Definition of audible in English:

audible

adjective

  • Able to be heard.

    ‘some ultrasound is audible to dogs’
    • ‘She threw off the covers and sat up. just then she heard a small, barely audible chuckle.’
    • ‘He also said the doorbell was not audible to staff on the first floor, where officers write reports and take refreshments.’
    • ‘The system, which is audible over a wide area, will also play suitable music for church feast days.’
    • ‘He heard the sound of footsteps, muffled and barely audible, coming down the long passageway.’
    • ‘At this point an audible gasp could be heard from the direction of the leaders.’
    • ‘The sound quality is good, the instruments mesh together well and the vocals are audible.’
    • ‘I make my way back to the school when I hear a very audible sigh from Garret.’
    • ‘The music plays at a perfect level, audible but not too loud as to drown out conversation.’
    • ‘His diction is amazingly clear and even when he sings, every word is audible.’
    • ‘Wind noise is audible at motorway speeds, but only because the engine and tyres are so quiet.’
    • ‘I heard the scarcely audible click of claws on the tiles: a step, then a hesitation.’
    • ‘Yet, I can tell you that I had to put my ear right on top of the unit to hear any audible noise.’
    • ‘There was a moment of near-silence in which a slight murmur of concern was audible.’
    • ‘Meanwhile, a distinct rhythm of drumming for a war dance is audible in the present.’
    • ‘An audible crack was heard as the man's nose was broken and he fell to the floor, unconscious.’
    • ‘The announcement of his divorce was met with audible gasps across the world.’
    • ‘There was also a microphone for each team, so that the answers would be clearly audible.’
    • ‘Conveniently, ultrasound also has a shorter range than audible sound.’
    • ‘There was some barely audible whispering and my boss spoke again, only this time in a deeper voice.’
    • ‘All she could hear was the barely audible swoosh of water going in and out the windows.’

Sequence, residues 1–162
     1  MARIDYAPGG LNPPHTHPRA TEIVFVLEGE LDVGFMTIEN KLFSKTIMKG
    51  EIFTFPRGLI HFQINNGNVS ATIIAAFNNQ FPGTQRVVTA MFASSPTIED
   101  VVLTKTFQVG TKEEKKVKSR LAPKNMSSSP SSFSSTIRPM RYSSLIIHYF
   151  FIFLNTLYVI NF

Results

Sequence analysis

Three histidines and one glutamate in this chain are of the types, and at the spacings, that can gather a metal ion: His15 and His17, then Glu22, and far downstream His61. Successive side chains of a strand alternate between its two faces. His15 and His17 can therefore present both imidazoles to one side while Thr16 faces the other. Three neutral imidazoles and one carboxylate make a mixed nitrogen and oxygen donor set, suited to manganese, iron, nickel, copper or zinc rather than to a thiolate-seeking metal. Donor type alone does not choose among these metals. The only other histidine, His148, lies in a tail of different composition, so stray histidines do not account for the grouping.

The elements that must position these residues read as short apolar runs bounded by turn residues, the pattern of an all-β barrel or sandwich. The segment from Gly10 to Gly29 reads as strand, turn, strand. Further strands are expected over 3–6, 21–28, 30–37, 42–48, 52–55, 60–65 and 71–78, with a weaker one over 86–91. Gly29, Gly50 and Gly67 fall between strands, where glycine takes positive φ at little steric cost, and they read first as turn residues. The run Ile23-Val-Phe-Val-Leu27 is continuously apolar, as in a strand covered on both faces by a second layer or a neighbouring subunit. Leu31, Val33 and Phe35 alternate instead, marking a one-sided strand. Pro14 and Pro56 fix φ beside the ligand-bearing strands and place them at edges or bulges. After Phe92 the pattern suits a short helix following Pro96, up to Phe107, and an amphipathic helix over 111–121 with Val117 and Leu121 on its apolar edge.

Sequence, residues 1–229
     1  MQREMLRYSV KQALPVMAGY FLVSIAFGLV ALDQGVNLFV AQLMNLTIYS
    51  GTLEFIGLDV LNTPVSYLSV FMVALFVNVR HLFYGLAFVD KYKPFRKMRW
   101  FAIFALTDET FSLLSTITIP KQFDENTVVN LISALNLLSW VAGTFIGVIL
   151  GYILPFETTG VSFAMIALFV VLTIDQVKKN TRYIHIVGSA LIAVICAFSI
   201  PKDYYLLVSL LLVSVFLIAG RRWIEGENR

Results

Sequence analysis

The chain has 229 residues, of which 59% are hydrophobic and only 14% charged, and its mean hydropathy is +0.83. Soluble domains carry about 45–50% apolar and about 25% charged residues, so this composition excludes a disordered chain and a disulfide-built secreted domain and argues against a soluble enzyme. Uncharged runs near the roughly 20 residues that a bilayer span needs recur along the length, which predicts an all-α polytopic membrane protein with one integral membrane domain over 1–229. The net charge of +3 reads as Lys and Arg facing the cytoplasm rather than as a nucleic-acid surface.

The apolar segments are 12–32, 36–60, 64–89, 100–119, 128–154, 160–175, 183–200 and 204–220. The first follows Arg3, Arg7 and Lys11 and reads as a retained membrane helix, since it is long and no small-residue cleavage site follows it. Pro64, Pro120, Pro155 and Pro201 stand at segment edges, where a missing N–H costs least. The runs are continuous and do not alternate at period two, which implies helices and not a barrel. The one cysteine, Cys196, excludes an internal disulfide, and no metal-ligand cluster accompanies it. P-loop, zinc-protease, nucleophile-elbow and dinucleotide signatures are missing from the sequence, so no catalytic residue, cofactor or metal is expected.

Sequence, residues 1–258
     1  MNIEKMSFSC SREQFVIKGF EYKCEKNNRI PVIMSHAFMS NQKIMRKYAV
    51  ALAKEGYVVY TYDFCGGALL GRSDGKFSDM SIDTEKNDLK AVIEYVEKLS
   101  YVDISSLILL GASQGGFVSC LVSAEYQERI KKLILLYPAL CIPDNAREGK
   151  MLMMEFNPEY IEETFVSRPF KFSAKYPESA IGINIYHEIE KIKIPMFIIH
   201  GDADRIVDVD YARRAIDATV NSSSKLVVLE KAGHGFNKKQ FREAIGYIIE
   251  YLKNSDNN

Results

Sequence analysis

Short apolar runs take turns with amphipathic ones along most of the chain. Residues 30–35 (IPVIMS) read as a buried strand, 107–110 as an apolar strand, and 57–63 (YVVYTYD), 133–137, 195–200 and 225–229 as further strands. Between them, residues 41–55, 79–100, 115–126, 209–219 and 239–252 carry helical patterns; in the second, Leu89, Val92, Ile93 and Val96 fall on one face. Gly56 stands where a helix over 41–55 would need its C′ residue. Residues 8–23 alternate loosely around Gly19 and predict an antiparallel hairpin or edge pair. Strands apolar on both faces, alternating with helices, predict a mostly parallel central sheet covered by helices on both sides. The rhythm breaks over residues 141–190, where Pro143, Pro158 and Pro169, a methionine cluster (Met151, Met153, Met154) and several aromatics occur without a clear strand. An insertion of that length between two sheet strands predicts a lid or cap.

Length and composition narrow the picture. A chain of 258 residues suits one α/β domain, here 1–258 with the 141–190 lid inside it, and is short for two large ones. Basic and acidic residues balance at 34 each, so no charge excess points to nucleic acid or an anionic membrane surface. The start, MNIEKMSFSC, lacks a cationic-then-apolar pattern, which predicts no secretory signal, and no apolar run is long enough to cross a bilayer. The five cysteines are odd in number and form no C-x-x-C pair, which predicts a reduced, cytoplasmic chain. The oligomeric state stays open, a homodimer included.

perceptible, discernible, detectable, hearable, able to be heard, recognizable, appreciable
    View synonyms

noun

American Football
  • A change of playing tactics called by the quarterback at the line of scrimmage.

    ‘he saw two safeties sneaking up and called an audible’
    • ‘Part of the problem lies with the players, who are making mental errors and not picking up audibles.’
    • ‘He calls some generic signals - no audibles are needed.’
    • ‘He also was in command at the line of scrimmage, calling timely audibles.’
    • ‘The team is comfortable with its quarterback calling audibles, and he might do so six or more times in a game.’
    • ‘Voices of the players can be heard during audibles and during the play, sometimes guiding you towards where the play might go.’
    • ‘His lack of game experience will limit his ability to use audibles at the line, and that will curb creativity.’
    • ‘He might have to limit the audibles one week to see if the team plays more efficiently without them.’
    • ‘He is making much better decisions on the run and calls outstanding audibles.’
    • ‘Still, he needs to read defenses better and gain a better understanding of when to call audibles.’
    • ‘With each movement, the defense is calling out audibles that change coverage assignments.’
    • ‘Many teams, especially teams with inexperienced quarterbacks, hardly ever change plays, or they keep audibles to a minimum.’
    • ‘He is throwing the ball accurately and showing good game management skills, especially with his ability to call audibles.’
    • ‘He calls out the plays and audibles, allowing the playmakers around him to feel more comfortable taking chances.’

Origin

Late 15th century: from late Latin audibilis, from audire ‘hear’.

Pronunciation

audible

/ˈɔːdɪb(ə)l/